Finidi George was appointed as Peseiro’s replacement in April but failed to lift the team’s performances against South Africa and Benin.

The Super Eagles have failed to win any of their past seven World Cup qualifiers dating back to November 2021 – a time when Gernot Rohr, now coach of Benin, was in charge.

The game against Benin, which was played in neutral Ivory Coast, got off to an inauspicious start for Nigeria when the the wrong national anthem was played.

Two weeks ago, President Bola Tinubu made a controversial decision to revert to the nation’s former anthem, but organisers in Abidjan clearly missed the memo.

The NFF expressed its displeasure at the mistake and threatened not to take the field for the second period until the correct anthem was played.

Raphael Onyedika had put the Super Eagles ahead after 27 minutes but goals from Jodel Dossou and Steve Mounie gave Benin the advantage at the break.

Having returned to Nigeria on Tuesday, the team put out a statement on social media, admitting they were “unhappy about the way the two games panned out” and promising to “fight hard till the end” of the qualifying campaign.

One factor in the squad’s underperformance could be the absence of star striker Victor Osimhen, who has missed all four Group C games so far with injury.

Yet, even without the reigning African Footballer of the Year, the Nigeria squad boasts enough attacking talent to have found the net more than four times in as many outings.

African World Cup qualifiers are set to resume in March next year, with 2025 Nations Cup qualifiers scheduled to be held in September, October and November.

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Nigeria: Kano governor orders arrest of dethroned emir Bayero

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The Governor of Kano State, Abba Yusuf, has ordered the arrest of the deposed Emir of Kano, Aminu Ado-Bayero, who reportedly returned to Kano early Saturday.

Mr Ado-Bayero was dethroned alongside the emirs of Karaye, Rano Bichi and Gaya whose emirates have been scrapped.

The governor’s spokesperson, Sanusi Bature, said the deposed emir was smuggled back to Kano allegedly to cause mayhem as the reinstated Emir Lamido Sanusi retook the palace.

“The former Emir was smuggled into Kano city last night in an attempt to forcefully return to the palace two days after being deposed by the Governor.

“The new Emir, Sanusi Lamido Sanusi, arrived at the (Emir’s) palace in the company of the Governor, the Deputy Governor, the Speaker of the State Assembly, and other top government functionaries at about 1:00 a.m. on Saturday, 25th May 2024.

“As the Chief Security Officer of the state, His Excellency, the Executive Governor of Kano State, Alhaji Abba Kabir Yusuf, has directed the Commissioner of Police to arrest the deposed Emir with immediate effect for disturbing public peace and attempting to destroy the relative peace the state enjoys.”

Mr Bayero, who was not in Kano at the time of his dethronement, was said to have arrived at Malam Aminu Kano International Airport Saturday morning where he observed the Muslim morning prayer amidst hundreds of sympathisers.

The sympathisers were singing that he remained the original emir of Kano as he committed no offence to warrant his removal.

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Nigerian officials probe plan to marry off scores of female orphans

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Nigeria’s Federal Ministry of Women Affairs says it is investigating a plan by a lawmaker in central Niger state to marry off some 100 female orphans of unknown ages later this month.

Speaker of the Niger State Assembly Abdulmalik Sarkin-Daji announced the mass wedding last week but called off the ceremony following widespread outrage.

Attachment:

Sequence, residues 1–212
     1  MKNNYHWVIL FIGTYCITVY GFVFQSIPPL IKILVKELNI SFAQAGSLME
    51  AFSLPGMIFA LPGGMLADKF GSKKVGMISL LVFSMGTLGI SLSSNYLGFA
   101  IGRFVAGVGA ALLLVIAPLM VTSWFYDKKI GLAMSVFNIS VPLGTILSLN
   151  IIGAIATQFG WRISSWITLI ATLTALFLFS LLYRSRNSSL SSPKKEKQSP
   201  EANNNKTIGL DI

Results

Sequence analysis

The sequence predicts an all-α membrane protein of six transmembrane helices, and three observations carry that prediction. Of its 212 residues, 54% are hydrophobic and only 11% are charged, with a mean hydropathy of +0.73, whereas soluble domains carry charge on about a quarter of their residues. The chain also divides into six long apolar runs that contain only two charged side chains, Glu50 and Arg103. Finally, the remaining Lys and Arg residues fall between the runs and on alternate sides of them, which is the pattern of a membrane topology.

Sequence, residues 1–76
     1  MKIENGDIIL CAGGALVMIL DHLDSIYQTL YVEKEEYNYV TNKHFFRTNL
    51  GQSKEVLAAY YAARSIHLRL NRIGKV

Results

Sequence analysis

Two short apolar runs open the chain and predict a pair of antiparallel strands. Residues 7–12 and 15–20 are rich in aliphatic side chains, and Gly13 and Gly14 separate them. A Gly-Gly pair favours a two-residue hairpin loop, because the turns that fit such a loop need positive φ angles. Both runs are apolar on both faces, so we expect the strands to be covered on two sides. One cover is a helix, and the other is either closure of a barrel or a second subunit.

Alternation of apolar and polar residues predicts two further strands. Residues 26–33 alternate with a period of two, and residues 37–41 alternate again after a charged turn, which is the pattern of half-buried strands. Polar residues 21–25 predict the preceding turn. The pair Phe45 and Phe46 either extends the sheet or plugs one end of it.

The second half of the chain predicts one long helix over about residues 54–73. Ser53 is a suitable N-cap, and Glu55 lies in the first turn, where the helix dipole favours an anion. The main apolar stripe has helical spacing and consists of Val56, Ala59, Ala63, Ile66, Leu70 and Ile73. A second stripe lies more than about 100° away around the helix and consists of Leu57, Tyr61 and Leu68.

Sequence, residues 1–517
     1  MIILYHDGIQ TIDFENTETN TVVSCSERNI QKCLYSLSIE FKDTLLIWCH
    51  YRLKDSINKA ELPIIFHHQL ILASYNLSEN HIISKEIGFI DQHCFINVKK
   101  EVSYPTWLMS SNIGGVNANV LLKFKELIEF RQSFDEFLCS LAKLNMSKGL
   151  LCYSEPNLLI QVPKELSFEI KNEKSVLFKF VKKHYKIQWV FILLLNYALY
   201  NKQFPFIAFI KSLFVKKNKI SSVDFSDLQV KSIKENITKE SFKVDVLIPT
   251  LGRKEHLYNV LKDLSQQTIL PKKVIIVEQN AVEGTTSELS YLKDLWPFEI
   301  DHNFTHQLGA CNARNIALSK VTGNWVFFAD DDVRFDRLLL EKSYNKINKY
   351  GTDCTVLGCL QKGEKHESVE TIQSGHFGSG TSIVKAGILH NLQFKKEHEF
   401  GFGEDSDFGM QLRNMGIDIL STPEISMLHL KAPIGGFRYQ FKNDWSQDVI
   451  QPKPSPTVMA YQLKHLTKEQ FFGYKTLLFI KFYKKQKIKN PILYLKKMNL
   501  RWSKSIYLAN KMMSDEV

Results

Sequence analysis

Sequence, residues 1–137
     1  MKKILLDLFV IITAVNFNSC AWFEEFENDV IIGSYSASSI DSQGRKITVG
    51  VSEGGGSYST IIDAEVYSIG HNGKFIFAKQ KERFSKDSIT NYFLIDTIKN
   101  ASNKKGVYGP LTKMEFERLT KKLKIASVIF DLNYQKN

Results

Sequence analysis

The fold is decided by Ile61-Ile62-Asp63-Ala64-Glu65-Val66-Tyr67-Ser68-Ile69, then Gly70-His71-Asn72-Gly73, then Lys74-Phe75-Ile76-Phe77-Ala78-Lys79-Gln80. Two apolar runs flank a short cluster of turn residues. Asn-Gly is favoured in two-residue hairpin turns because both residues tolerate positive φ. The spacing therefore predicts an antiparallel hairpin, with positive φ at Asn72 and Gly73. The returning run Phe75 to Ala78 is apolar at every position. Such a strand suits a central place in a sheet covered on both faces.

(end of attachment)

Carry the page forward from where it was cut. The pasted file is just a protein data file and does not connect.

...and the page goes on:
Minister of Women Affairs Uju Kennedy-Ohanenye, speaking to journalists in Abuja on Tuesday, condemned the plans.

Kennedy-Ohanenye said she had petitioned the police and filed a lawsuit to stop the marriages pending an investigation to ascertain the age of the orphans and whether they consented to the marriages.

“This is totally unacceptable by the Federal Ministry of Women Affairs and by the government” of Nigeria, she said.

Last week, Sarkin-Daji announced his support for the mass wedding of the orphans, whose relatives were killed during attacks by armed bandits. He said it was part of his support to his constituents following an appeal for wedding funding by local traditional and religious leaders.

The mass wedding had been scheduled for May 24.

“That support I intend to give for the marriage of those orphans, I’m withdrawing it,” he said. “The parents can have the support [money], if they wish, let them go ahead and marry them off. As it is right now, I’m not threatened by the action of the minister.”

Despite national laws prohibiting it, forced or arranged marriage is a common phenomenon in Nigeria, especially among rural communities in the predominantly Muslim north, where religious and cultural norms such as polygamy favor the practice.

Poor families often use forced marriage to ease financial pressure, and the European Union Agency for Asylum says girls who refuse could face repercussions such as neglect, ostracism, physical assault and rape.

Raquel Kasham Daniel escaped being married off as a teenager when her father died and now runs a nonprofit helping children, especially less-privileged girls, get a formal education for free.

She said the ability of women to avoid forced marriage in Nigeria depends on their income and education.

“I was 16 when I lost my dad and I was almost married off, but then I ran away from home. And that gave me the opportunity to complete my education, and now I have a better life,” Daniel said.

“So, the reason why I prioritize education is to make sure that other girls have access to quality schooling so that it will help them make informed decisions about their lives. Education not only increases our awareness as girls about our rights but also enhances our prospects for higher income earning,” she said.

Thirty percent of girls in Nigeria are married before they turn 18, according to Girls Not Brides, a global network of more than 1,400 civil society groups working to end child marriage.